Citation: FEMA-1915-DR-SD, Brule County, Embankment Erosion, Project Worksheet (PW) 847
Reference: Reasonable Cost, Work Eligibility
Summary: From March 10, 2010 to June 20, 2010, extensive flooding damaged infrastructure in several counties in South Dakota. In Brule County (Applicant), floodwater eroded the embankment of Boyer Bottom Road in three locations. On August 5, 2010, FEMA inspected the sites and prepared PW 847 for the amount $44,270 for repair of the embankment. FEMA subsequently determined, based on a road sign that indicated minimal maintenance on the road and evidence of slope failures in the surrounding area, that the road is unstable and not maintained, and is therefore ineligible for assistance. On January 4, 2011, the Applicant submitted a first appeal, which stated that that the road had no pre-existing instability and was regularly maintained. In support of this claim, the Applicant submitted maintenance records and aerial photographs to demonstrate the condition of the road prior to the declared disaster. The FEMA Regional Administrator approved the first appeal, but noted that the Applicant did not competitively bid the work. As the work was not completed in compliance with federal contract procurement regulations, the Regional Administrator limited the eligible amount to reasonable costs, estimated to be $12,181. In the January 19, 2012, second appeal, the Applicant claims that its procurement process was consistent with local and state laws, which require competitive bids only when the projected costs exceed $50,000. The Applicant maintains that solicitation of multiple bids would have resulted in an unreasonable delay to the start of work. Further, the Applicant contends that $12,181 is insufficient to complete the repair and requests approval of an additional $31,916. The Applicant has not submitted a detailed scope of the work completed, nor does the submitted documentation demonstrate that the work was restricted to repair of the damaged sites. In the absence of a scope of work, it is impossible to verify that the Applicant’s claimed costs were both reasonable and appropriate to repair the eroded embankment.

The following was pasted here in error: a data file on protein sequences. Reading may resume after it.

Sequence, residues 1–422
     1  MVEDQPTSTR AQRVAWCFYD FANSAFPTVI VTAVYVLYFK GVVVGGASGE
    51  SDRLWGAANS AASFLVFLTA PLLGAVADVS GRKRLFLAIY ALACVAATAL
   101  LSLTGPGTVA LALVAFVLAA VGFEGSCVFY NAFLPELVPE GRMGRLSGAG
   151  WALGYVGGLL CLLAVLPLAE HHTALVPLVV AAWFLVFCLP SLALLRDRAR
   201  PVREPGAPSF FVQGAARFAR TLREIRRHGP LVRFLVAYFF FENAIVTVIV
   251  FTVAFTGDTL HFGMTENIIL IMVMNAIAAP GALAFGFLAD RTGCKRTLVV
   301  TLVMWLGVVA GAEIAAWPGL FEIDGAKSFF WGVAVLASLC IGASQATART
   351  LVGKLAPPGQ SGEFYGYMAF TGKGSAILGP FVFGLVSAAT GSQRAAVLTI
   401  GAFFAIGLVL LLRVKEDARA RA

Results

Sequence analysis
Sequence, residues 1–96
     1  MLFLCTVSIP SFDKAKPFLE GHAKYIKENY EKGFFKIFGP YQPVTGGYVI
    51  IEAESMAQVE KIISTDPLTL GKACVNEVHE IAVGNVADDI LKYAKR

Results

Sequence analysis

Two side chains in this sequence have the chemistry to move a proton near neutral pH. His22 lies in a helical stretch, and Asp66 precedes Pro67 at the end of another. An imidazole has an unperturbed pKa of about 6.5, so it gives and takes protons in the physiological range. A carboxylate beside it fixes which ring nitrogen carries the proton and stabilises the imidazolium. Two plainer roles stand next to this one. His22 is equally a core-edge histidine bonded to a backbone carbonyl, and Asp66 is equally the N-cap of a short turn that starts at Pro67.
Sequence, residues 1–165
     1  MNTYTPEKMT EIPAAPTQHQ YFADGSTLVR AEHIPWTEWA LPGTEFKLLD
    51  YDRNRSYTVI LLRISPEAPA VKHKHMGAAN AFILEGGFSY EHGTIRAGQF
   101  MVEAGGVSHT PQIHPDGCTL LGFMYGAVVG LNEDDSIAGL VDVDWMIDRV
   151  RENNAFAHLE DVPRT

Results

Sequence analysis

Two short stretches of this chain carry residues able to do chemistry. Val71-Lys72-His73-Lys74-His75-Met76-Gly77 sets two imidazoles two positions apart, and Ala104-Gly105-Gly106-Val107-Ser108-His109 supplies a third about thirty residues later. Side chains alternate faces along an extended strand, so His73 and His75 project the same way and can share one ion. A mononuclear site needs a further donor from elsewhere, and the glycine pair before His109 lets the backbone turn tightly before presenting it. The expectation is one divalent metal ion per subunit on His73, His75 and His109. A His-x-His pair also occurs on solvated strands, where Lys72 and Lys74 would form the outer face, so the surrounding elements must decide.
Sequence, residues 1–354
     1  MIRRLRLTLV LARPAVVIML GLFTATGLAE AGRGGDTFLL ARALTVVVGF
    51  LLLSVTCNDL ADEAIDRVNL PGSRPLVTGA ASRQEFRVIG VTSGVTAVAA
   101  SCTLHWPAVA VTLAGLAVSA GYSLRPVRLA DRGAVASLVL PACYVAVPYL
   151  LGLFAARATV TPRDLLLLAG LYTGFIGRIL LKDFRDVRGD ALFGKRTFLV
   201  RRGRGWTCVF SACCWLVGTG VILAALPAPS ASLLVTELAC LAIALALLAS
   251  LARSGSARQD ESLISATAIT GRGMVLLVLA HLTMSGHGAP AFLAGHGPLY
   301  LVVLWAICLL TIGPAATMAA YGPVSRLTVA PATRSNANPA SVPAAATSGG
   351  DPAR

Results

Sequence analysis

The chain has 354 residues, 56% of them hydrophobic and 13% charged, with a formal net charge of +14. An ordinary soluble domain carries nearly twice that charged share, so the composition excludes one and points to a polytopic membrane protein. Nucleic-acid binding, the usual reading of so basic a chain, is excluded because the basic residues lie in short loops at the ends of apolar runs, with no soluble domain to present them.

Issue: In the absence of competitive bids or multiple quotes, has the Applicant demonstrated that the invoiced costs are reasonable for the work necessary to repair the damage?
Finding: No. FEMA has the flexibility to review the circumstances for the noncompliance and take appropriate remedial action. If FEMA determines costs charged in a contract are not reasonable, FEMA can take action to establish a reasonable cost and limit reimbursement.
Rationale: Title 44 of the Code of Federal Regulations (44 CFR) §13.36, Procurement; 44 CFR §13.36(d)(4), Procurement, Methods of procurement to be followed; 44 CFR §13.43(a), Enforcement, Remedies for noncompliance